Spatial patterns of seed dispersal, their determinants and consequences for recruitment

Ran Nathan*, Helene C. Muller-Landau

*Corresponding author for this work

Research output: Contribution to journalReview articlepeer-review

1645 Scopus citations


Growing interest in spatial ecology is promoting new approaches to the study of seed dispersal, one of the key processes determining the spatial structure of plant populations. Seed-dispersion patterns vary among plant species, populations and individuals, at different distances from parents, different microsites and different times. Recent field studies have made progress in elucidating the mechanisms behind these patterns and the implications of these patterns for recruitment success. Together with the development and refinement of mathematical models, this promises a deeper, more mechanistic understanding of dispersal processes and their consequences.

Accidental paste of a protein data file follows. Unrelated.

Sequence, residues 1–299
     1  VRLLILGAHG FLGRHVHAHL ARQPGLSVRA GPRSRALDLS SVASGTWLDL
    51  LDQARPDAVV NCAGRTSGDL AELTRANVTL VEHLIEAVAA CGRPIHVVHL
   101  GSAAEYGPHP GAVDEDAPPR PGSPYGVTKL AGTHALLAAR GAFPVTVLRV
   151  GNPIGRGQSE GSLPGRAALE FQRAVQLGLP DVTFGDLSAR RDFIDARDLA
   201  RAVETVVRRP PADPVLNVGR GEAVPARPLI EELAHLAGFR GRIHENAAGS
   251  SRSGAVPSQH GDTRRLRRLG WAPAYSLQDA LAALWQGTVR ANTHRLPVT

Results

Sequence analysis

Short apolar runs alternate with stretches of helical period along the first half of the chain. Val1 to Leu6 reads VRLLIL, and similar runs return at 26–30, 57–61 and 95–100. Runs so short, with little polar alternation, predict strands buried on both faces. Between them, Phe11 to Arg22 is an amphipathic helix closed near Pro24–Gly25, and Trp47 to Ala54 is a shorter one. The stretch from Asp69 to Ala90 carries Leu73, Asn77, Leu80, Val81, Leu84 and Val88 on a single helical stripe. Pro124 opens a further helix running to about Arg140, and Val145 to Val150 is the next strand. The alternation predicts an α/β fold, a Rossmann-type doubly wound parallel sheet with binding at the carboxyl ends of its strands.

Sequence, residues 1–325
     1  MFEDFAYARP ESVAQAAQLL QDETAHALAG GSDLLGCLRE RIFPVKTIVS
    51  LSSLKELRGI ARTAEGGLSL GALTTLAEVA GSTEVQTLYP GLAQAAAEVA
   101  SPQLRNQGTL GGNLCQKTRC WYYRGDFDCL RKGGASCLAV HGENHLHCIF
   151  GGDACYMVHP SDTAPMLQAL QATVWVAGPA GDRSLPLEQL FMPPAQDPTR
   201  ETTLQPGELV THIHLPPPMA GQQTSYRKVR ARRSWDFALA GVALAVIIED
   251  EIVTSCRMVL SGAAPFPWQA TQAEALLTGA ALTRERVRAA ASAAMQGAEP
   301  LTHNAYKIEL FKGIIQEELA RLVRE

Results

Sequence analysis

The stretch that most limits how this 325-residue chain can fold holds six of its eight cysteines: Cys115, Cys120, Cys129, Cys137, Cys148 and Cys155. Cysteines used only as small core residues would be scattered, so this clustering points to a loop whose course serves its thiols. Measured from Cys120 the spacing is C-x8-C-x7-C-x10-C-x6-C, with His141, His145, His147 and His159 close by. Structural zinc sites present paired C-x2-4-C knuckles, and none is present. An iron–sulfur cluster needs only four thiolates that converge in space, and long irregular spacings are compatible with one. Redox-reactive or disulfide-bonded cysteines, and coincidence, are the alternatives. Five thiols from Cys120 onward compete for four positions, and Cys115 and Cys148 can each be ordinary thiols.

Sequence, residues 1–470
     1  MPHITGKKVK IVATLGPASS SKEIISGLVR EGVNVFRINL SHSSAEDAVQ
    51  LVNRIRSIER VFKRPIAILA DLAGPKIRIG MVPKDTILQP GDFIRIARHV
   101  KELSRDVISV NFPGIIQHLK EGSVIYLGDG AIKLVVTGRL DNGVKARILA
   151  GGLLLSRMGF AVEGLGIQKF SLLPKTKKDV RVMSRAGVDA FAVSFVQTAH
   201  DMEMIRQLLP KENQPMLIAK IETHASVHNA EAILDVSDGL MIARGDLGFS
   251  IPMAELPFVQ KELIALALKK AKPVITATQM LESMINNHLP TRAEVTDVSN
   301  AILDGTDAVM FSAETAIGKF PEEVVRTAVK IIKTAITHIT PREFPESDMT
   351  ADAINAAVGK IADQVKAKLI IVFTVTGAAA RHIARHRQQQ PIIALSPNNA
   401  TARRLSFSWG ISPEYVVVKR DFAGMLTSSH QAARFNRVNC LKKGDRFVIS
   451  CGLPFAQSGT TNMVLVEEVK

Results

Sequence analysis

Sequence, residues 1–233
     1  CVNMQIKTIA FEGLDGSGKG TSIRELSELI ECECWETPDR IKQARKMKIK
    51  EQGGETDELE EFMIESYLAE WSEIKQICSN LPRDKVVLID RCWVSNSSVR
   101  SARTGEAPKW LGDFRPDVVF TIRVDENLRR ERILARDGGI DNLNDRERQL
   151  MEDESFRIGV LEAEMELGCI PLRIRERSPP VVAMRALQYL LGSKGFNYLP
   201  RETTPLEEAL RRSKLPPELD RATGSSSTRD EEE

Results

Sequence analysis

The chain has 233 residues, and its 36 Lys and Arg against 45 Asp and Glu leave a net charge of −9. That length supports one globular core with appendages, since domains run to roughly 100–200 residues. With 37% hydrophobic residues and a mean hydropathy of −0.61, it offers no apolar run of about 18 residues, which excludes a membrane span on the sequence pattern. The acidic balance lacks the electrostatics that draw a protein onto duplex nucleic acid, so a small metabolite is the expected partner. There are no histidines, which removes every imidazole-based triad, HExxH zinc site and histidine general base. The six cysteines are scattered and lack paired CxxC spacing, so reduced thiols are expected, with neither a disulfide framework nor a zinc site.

Original languageAmerican English
Pages (from-to)278-285
Number of pages8
JournalTrends in Ecology and Evolution
Issue number7
StatePublished - 1 Jul 2000
Externally publishedYes

Bibliographical note

Funding Information:
We are pleased to acknowledge the financial support of the National Science Foundation, the Andrew Mellon Foundation, the Schonbrunn Foundation of the Hebrew University of Jerusalem (R.N.) and the Smithsonian Tropical Research Institute (H.M-L.). We are grateful to S. Levin, J. Wright, J. Dalling, C. Williams, G. Houle, D. Wenny and G. Hurtt for helpful comments that considerably improved this article, and to R. Knight for assistance in preparing the figures.


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